Soils and Human Health Session at EGU2013


Degraded soils are not able to provide the nutrients needed to sustain plant and human health. Photo courtesy of the USDA-NRCS.
Degraded soils are not able to provide the nutrients needed to sustain plant and human health. Photo courtesy of the USDA-NRCS.

Most people probably don’t think about soils when they think about their health, but the truth is soils have a strong influence on human health. Soils are the ultimate source of many of the nutrients that are essential for human life and about 40% of the medicines in use today originate from soil. Soils can also harm human health, through exposures to toxic levels of chemicals, exposure to pathogens that live in the soil, or through the inhalation of dust that causes respiratory problems.

Degraded soils are not able to provide the Exposure to some soil organisms can cause disease. This individual has Rocky Mountain spotted fever, caused by the soil bacteria Rickettsia sp.
Degraded soils are not able to provide the Exposure to some soil organisms can cause disease. This individual has Rocky Mountain spotted fever, caused by the soil bacteria Rickettsia sp.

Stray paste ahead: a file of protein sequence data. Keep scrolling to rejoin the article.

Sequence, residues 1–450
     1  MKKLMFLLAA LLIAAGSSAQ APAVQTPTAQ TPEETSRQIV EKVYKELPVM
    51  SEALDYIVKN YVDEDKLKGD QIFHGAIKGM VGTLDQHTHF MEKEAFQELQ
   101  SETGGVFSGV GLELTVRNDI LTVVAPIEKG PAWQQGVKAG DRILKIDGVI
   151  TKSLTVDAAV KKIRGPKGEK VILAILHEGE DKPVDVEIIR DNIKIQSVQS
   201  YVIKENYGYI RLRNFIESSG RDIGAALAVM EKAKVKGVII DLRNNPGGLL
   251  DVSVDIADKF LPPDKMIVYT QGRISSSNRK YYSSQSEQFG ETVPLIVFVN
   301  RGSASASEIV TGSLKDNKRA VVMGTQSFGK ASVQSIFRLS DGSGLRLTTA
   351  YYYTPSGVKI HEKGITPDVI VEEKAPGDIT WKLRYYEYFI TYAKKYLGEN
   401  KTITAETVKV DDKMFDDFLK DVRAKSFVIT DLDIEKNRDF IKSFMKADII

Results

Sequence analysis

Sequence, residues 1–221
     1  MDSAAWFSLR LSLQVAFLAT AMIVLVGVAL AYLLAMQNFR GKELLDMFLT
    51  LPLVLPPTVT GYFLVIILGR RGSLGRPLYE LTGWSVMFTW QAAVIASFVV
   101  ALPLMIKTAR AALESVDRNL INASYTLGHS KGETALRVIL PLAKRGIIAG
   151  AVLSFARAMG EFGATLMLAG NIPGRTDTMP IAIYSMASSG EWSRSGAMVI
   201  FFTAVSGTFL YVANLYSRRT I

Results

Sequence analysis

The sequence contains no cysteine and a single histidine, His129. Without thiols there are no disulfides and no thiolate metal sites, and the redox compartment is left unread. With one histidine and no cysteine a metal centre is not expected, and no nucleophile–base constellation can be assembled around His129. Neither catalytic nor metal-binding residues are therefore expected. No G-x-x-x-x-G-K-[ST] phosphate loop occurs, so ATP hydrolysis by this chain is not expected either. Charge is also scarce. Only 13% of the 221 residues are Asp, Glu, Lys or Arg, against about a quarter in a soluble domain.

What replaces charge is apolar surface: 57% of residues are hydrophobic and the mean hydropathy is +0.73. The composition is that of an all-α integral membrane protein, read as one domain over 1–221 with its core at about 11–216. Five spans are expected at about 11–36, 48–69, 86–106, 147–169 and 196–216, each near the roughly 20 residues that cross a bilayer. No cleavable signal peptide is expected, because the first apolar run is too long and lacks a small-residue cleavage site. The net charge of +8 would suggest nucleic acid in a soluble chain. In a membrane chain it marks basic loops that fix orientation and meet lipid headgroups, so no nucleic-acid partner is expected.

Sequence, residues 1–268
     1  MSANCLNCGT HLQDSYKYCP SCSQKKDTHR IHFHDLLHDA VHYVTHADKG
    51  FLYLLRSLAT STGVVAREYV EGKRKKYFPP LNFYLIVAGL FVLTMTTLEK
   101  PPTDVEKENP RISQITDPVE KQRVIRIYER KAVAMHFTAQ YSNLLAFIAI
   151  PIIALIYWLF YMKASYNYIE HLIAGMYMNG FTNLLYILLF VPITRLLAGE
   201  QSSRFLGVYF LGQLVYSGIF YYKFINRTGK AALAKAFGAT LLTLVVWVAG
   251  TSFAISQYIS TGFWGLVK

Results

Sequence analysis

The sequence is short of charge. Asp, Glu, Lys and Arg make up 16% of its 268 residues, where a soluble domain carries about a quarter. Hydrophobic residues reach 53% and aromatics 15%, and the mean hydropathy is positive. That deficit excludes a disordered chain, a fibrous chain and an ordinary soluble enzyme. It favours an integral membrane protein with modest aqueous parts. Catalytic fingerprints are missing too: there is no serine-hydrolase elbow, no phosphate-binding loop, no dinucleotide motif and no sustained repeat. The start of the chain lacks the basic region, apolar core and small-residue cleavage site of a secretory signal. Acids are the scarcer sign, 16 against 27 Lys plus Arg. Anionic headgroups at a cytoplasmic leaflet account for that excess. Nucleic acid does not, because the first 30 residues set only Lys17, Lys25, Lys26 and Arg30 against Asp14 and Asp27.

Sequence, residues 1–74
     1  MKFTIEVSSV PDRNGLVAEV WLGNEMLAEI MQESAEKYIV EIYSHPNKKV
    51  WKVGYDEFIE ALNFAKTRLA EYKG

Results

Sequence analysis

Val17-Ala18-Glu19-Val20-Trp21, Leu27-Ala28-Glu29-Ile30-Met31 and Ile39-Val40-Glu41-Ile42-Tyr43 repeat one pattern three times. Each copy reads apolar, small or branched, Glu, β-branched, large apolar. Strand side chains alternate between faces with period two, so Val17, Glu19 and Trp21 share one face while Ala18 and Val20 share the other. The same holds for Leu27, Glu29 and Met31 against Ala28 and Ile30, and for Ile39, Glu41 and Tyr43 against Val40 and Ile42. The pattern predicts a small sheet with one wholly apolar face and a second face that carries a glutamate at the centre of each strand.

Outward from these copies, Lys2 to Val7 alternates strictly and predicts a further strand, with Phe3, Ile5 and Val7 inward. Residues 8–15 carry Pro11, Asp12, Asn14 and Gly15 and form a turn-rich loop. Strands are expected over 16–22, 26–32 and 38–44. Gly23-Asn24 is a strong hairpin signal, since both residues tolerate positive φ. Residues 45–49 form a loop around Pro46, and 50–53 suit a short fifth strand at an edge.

With all the ways soils can influence our health, it is important that we investigate these relationships. A step was taken in that direction at the 2013 EGU meetings when the Soil Systems Sciences division sponsored a session titled “Soils and Human Health”. The session included 7 oral presentations and 20 posters. Submissions to the session came from Europe, Asia, North America, and Australia. Topics covered included viral attachment to soil particles, heavy metals in soils, water quality, the effects of organic soil amendments, the involvement of soil organisms in disease outbreaks, nutrient deficiencies, remote sensing applications, and the use of soils in criminal investigations. It is hoped that this session and the presentations in it will inspire soil scientists to become more involved in human health issues and seek new, unconventional ways to apply soils knowledge for public benefit.

To learn more about the connections between soils and human health you can read the book “Soils and Human Health” recently released by CRC Press.

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